In architecture, functionalism is the foundation of any design where the main focus is in applying purpose to a given space. A successful architectural design incorporates meaning into the element of function to help convey and deliver a message. Reda Amalou, the French architect and the founder of AW2, has successfully applied this concept to his design philosophy. He is the mastermind behind some of Vietnam’s best luxury hotel projects such as the Nam Hai in Hoi An or Six Senses Con Dao.
Reda is also the designer for the upcoming Wink Hotels that’s scheduled to open next year in Ho Chi Minh city. We had a chance to sit down with him recently for a quick talk when he visited Vietnam for a couple of days. Check below for the full interview on his design process for any new projects!
How’s the process of designing Wink Hotels going so far?
It’s going very well and it’s also very exciting because for us it’s a very different proposition. Basically, we’ve worked in high-end most of our projects and this is what we’re known for but it’s really interesting and challenging to be working in a form of luxury that is different. So, it’s important to learn how to rethink what ‘luxury’ is about and what urban city life should be about within the hospitality industry.
Were there any challenges you had to face along the way just because of how different it is from all the previous projects you’ve worked on?
Yea! What’s interesting is that usually we work with brands that are established but in this case, we’re working with a brand which is being created from scratch. So, the challenge for us is to both understand what the concept is about and how to create content around it. It’s interesting to be at the starting point of the idea and the concept itself, rather than applying an already in place concept.
Are there any hotel brands that you guys follow and use as references to help guide you through the design process for Wink Hotels?
Well, we look at the hospitality industry and we’d like to look at anything which sort of stands out in term of how designers and architects have looked at a project and how they’ve interpreted the code or ideas of tradition hotel industry. We tend to look at a lot of things but mainly, what we were trying to create here is something which would at the same time be different and at the same time be very contemporary. We want to lead and be the leader instead of following what others have done.
You mentioned a few big projects you had worked on here in Vietnam but are there any other projects outside of Asia? Did you find any differences and similarities in the design process vary according to the different locations around the world?
Oh yea, we’re currently working in many different countries. We’re working in Vietnam, China, India, Switzerland, Italy, Morocco and Costa Rica. We go from East to West! There are always new experiences when working in a new country or a new region of the world. It’s crazy how architecture and design can be the same across the globe but at the same time not the same at all! We’re doing the same thing, designing to build a building, a place and interior but the process in each country has a life of its own.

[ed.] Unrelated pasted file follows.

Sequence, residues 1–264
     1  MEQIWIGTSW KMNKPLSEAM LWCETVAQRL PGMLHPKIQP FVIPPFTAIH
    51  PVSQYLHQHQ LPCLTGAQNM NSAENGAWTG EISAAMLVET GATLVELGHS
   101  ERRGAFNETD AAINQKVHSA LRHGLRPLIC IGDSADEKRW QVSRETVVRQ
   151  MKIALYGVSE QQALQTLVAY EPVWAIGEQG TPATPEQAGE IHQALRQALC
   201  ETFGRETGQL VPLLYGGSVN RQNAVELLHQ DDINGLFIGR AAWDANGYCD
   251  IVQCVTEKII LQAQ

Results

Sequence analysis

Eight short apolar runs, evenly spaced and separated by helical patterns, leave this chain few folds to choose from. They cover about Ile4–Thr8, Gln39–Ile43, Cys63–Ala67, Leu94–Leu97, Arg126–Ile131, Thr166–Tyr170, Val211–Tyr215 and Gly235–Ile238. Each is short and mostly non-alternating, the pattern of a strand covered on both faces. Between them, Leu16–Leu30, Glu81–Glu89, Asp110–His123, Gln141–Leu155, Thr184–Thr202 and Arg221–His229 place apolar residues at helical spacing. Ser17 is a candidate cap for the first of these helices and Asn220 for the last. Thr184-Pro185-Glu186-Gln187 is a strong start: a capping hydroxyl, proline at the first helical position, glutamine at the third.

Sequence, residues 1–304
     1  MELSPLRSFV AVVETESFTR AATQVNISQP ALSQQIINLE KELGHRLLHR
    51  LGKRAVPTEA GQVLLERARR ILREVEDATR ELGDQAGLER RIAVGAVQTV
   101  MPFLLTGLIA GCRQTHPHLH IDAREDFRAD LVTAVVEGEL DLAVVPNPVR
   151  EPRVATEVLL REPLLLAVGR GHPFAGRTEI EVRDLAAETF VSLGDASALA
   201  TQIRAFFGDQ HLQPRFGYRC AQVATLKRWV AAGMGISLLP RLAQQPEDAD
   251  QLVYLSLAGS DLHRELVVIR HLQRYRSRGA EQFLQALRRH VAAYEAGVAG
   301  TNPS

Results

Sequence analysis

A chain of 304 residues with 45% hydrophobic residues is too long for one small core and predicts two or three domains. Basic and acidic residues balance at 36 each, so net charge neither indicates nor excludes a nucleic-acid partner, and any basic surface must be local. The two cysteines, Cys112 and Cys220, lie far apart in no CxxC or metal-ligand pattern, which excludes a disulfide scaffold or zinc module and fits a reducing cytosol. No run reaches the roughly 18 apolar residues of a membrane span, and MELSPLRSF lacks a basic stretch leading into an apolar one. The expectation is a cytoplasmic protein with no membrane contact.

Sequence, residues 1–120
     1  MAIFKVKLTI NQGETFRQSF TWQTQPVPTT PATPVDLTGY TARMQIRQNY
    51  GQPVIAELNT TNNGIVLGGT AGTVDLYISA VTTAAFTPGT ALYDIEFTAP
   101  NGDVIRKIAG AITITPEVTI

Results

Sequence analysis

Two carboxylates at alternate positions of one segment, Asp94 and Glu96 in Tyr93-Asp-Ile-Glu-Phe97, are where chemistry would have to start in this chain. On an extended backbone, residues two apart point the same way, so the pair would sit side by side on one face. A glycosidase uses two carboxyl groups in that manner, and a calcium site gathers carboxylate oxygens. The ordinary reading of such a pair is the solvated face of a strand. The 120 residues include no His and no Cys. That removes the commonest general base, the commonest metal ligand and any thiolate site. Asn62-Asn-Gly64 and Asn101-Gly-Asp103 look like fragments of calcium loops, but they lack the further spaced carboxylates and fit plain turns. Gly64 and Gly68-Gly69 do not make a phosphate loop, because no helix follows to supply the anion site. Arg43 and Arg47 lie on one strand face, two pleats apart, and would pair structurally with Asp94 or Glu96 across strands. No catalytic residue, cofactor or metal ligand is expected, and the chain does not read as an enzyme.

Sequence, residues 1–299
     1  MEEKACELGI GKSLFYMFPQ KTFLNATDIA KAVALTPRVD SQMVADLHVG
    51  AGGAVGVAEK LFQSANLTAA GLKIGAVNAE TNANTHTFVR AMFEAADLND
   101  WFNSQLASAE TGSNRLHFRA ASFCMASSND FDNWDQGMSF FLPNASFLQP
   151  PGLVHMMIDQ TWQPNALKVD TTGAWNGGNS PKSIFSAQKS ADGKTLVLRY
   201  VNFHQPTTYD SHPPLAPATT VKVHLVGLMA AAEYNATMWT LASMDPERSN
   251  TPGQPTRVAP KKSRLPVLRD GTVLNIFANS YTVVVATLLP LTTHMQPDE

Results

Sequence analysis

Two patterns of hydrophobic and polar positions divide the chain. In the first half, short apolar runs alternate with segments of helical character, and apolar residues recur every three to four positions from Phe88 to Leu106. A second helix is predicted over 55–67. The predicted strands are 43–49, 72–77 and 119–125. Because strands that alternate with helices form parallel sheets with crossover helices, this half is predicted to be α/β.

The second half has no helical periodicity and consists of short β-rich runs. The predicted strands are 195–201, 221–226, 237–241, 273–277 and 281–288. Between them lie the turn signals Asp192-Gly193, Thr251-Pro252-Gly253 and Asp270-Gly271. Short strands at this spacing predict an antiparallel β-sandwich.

How do you prepare yourself for a new project in a brand-new country?
We’ve worked in over 35 different countries from the start of AW2, when I created the firm 31 years ago, so I think we know what question to ask, how to approach things so it’s not about knowing everything but it’s about knowing how to understand what’s going to happen next. For us, the different ways of doing things is just our normal process of understanding architecture since we’ve been doing it for so long, in different places and different countries and different conditions. People come to us when they want different answers to their architectural design questions.
With Wink Hotels, how did you prepare for the new concept of ‘affordable luxury’?
To work on the design of a room with smaller measurements, it means that every inch is different and has an importance.
Take us through the design process, how do you decide on a design to show your client?
I don’t normally disclose how many sketches I come up with before deciding on which one to show the client but it’s between 15 – 20 different layouts. The way to get it right is first, we do research on what has been done and then we try to understand what the space and functions which we’re working with. Once you have those three ingredients, then you start to work on the idea to try and bring out the essence of the idea while understanding the technicality of an architect and difficulty of being a designer. Architects have functions, artists don’t. Once we do that, we start exploring different ways of looking at the room. We begin asking questions to help us bring out the essence of the core idea. We keep our options as open as possible and then we narrow down to what we think has the strongest answer.
The plan that works best has all the functions but also the one that expresses the idea in the strongest possible way. If you just focus on this then you will usually get the right answer since you’re taking out the things which are just functional, the things which only answer the technical side of the project, and then you must come up with something which has meaning.
Thank you so much for your time!